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Trump and Musk are friends. Just don’t mention EVs.

By Scott Waldman | 06/07/2024 06:22 AM EDT

The former president routinely rails against electric cars — even as he considers giving the Tesla CEO a role in a potential administration.

This combination of photos shows former President Donald Trump during rally at the Minden Tahoe Airport in Minden, Nev., Oct. 8, 2022, left, and Elon Musk in Wilmington, Del., July 12, 2021.

It would be hard for Elon Musk to find another politician as focused as former President Donald Trump on eliminating the clean energy subsidies that have benefited Tesla more than any other automaker. AP

Elon Musk is growing close to the man who wants to throttle his business.

Musk and former President Donald Trump now talk on the phone a few times a month, and the Tesla CEO may become one of Trump’s advisers if he wins reelection, last week. But it would be hard for Musk to find another politician — let alone presidential candidate — so focused on eliminating the clean energy subsidies that have benefited Tesla more than any other automaker.

For months, Trump has devoted a portion of his speech at virtually all of his political rallies to attacks on electric vehicles, making false claims about their functionality and using them as a proxy to attack President Joe Biden’s climate policy. At a rally last month in Wisconsin, Trump directly attacked the EV subsidies that have benefited Tesla, saying Biden “is spending hundreds of billions of dollars to give $7,500 tax credits to rich people who buy electric cars.”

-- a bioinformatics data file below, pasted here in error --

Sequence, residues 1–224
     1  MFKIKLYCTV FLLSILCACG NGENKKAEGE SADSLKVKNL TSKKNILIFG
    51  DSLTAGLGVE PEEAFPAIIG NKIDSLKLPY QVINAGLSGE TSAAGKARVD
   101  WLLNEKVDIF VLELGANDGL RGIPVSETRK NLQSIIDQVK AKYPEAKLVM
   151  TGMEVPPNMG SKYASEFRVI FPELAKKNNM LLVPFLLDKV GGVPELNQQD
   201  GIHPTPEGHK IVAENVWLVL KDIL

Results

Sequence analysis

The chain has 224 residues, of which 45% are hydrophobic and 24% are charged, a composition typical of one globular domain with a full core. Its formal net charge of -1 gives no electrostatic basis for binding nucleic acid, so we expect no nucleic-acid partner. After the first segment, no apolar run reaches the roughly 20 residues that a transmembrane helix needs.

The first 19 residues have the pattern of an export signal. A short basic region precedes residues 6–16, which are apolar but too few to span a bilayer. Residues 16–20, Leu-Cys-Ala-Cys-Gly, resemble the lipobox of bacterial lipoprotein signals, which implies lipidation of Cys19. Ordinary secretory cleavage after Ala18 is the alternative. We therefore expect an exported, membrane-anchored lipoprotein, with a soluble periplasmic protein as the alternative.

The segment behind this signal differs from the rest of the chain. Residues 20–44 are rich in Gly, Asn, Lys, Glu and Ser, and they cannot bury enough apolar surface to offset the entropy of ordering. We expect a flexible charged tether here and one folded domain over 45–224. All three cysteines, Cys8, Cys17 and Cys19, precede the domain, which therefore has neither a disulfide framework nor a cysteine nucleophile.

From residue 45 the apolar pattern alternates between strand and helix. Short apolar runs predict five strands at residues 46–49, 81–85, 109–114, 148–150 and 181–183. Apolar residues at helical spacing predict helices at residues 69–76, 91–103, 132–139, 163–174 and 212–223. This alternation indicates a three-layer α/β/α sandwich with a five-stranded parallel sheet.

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“Well, I like Elon, but the car … I’m all for them if you want to go to the candy store, buy yourself a little candy and come back home,” Trump said. “But if you want to take a trip to a place like Mar-a-Lago to say hello to me, you better get yourself a different mode of transportation.”

Musk and Trump have bonded over their mutual distaste for Biden and illegal immigration, according to The Wall Street Journal. The paper reported that Musk could advise Trump on border security, the economy and a “data-driven project to prevent voter fraud,” echoing Trump’s 2020 election conspiracy theories.

The Trump campaign declined to comment on the former president’s relationship with Musk, saying only that Trump “will be the only voice of what role an individual plays in his presidency.”